First of all, thanks for all your sympathies about Remy. It was hard going to the barn the first couple of days. He’d really gotten to me with his little grunts/attempted brays when he heard me coming, so the little guy is sorely missed. Especially when compared with the sassy donkey baby that Chloe seems to produce, but he’s healthy and that’s all that matters. I just miss fluffy baby donkey cuddles and new unnamed baby is spicy and just wants to run…
While I was taking care of Remy, I was pretty much living at the barn. The day he was born it became obvious that the only way he was going to nurse was with my assistance, so I asked Jason to move the horse trailer up closer to the barn so that I could sleep in it overnight. I was busy with the farrier (oh yeah, regular farrier ended up getting to put the shoes on Copper btw), so Jason had to hook up the trailer and back it in the barn driveway pretty much solo…in the pouring rain and in the dark. He had a good attitude about it though, which was nice. I was kicking myself for not thinking of it earlier in the day, but my sleeping arrangements had yet to be a concern when we were putting together the supplies for Remy’s splints.
The first night I had to bring ALL the things back to the barn with me after dinner to set up. I’d pulled all the bedding off the bed when I first got the trailer because I figured the sheets had been used by strangers at some point and I wanted to wash them first. I also had no intentions of sleeping in it overnight anytime soon, but oh well. So I brought two sets of sheets from home. The seller told me the bed was a queen, but Mom swore it was a full from looking at it. So I brought a set of each and tried the queen set first. Mom was right about it being a full, but I’d already put the queen sized fitted sheet on the bed and figured it fit good enough for my purposes, so I stuck with the queen sized set. I didn’t bring a blanket from home, but I still had all the bedding that came with the trailer bagged up, so I just pulled their blanket out of it. I may have rolled my eyes when I saw the tag said FULL. In the seller’s defense, they probably genuinely thought it was a queen and hadn’t slept in it in years to know otherwise.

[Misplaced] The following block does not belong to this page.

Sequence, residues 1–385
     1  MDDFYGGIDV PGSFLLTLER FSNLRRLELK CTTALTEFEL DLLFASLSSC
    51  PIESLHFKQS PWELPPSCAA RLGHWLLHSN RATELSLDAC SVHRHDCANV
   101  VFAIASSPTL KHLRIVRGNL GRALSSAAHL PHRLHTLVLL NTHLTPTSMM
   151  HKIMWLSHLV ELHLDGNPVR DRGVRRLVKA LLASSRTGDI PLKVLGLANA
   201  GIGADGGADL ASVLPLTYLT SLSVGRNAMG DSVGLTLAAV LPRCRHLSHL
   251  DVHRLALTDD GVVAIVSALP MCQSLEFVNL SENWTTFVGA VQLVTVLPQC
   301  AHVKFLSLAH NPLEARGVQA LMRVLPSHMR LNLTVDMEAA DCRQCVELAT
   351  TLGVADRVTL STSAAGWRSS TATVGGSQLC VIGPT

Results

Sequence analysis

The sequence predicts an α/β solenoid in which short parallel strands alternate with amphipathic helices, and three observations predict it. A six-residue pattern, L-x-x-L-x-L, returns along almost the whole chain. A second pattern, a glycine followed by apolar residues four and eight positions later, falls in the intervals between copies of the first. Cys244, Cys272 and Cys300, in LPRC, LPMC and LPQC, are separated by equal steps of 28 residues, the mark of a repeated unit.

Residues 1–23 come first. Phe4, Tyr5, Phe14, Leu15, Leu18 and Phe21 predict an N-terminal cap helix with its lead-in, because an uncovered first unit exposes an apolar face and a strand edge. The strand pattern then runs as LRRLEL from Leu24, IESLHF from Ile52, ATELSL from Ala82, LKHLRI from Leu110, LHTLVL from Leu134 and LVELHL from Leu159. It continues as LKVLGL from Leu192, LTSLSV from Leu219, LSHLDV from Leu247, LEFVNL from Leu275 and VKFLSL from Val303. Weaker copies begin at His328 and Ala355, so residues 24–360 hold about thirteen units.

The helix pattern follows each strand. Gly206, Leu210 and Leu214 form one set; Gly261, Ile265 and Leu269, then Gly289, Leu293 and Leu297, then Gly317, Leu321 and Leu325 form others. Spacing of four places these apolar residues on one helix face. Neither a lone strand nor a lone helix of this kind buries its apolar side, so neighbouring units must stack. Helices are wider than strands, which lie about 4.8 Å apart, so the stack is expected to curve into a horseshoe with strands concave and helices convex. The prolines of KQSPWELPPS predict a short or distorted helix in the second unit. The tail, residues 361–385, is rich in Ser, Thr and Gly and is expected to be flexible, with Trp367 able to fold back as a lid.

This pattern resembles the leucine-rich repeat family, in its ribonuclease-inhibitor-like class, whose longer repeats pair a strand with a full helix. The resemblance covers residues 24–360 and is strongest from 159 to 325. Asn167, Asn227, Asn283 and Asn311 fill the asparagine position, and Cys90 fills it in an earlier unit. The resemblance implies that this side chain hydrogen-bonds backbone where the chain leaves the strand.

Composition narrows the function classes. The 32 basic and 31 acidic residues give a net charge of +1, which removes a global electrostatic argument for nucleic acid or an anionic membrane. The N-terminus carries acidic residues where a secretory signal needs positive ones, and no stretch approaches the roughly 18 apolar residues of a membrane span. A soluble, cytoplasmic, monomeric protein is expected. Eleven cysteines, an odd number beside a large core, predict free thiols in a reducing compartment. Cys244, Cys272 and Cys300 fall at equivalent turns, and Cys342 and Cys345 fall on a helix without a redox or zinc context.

My other concern was electricity. While the trailer is wired up to be plugged in and run lights, I didn’t want to chance my odds with running an extension cord through Joey’s field. Nosy baby horses…am I right? So I just roughed it and took the two working flashlights from the house with me to the barn. Jason made fun of me for taking a mirror with me, but my idea for it actually worked well. I leaned it at a certain angle against the wall, then sat my flashlight down pointed at it, and that reflected the light onto the aluminum ceiling. Tada! Instantly bright trailer.